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Salesforce CEO Marc Benioff threatens to pull company from Indiana over abortion restrictions

"If you're not for equality and dignity, then, you know, this is not something that I can work with and we're going to have to exit your city or your state just as we have in many places," Benioff said.

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A week after a new abortion ban went into effect in Indiana on September 15, Salesforce Co-CEO Marc Benioff threatened to pull his company out of any states that restrict abortions. ​​ 

"The number one thing is, we must have our employees' back," Benioff said, "We are dealing with a whole series of crazy presidents, crazy governors and crazy mayors all over the world in every country, every city and every state. The number one thing I can do is let my employees know I’m here for them and I will 100 percent support them."



In a Thursday interview with CNN, anchor Poppy Harlow asked Benioff about abortion restrictions and bans after the largest tech employer in Indiana announced plans to relocate workers who may want abortions.

Benioff replied that he's debating on pulling the business, an enterprise cloud computing company, out of cities and states with "crazy" politicians that don't support "equality and dignity."

Following the overturn of Roe v. Wade earlier this year, abortion legislation returned to individual states, each one having different laws governing when a woman is able to get an abortion.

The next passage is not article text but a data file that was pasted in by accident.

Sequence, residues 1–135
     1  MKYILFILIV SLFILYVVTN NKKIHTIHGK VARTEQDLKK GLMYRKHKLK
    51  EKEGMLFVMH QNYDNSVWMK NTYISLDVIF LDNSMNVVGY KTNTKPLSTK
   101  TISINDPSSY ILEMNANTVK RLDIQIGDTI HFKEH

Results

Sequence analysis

Salesforce has more than 2,300 employees in Indianapolis, according to WTHR.
 
"We have to be for equality. We have to be for dignity. We have to be for the equality and dignity of every human being," he continued. "And, if you're not for equality and dignity, then, you know, this is not something that I can work with and we're going to have to exit your city or your state just as we have in many places."

Harlow said Benioff has done something to this before, as he threatened to pull out of Indiana in 2015 over the Religious Freedom Restoration Act, which protects businesses who use religious grounds as a defense in certain litigious circumstances. The bill enables entities to cite their religion when they could be sued in situations such as when a bakery refuses to bake a cake for a same sex couple.

Harlow claimed Benioff "won" in that case but the bill was successfully signed in to law on March 26, 2015 by then-Governor Mike Pence.

"If you're going to discriminate against our employees, we're not going to set up shop there," Benioff said in response to Harlow's claim despite the law and Salesforce both existing in Indiana. 

Criticism to Benioff mounted on twitter, with Tom Elliott posting, "Uberdouche/ @SalesforceOrg CEO @Benioff vows to leave Republican-led cities/states: "If you're not for equality and dignity ... then we're going to have to exit your city or your state"

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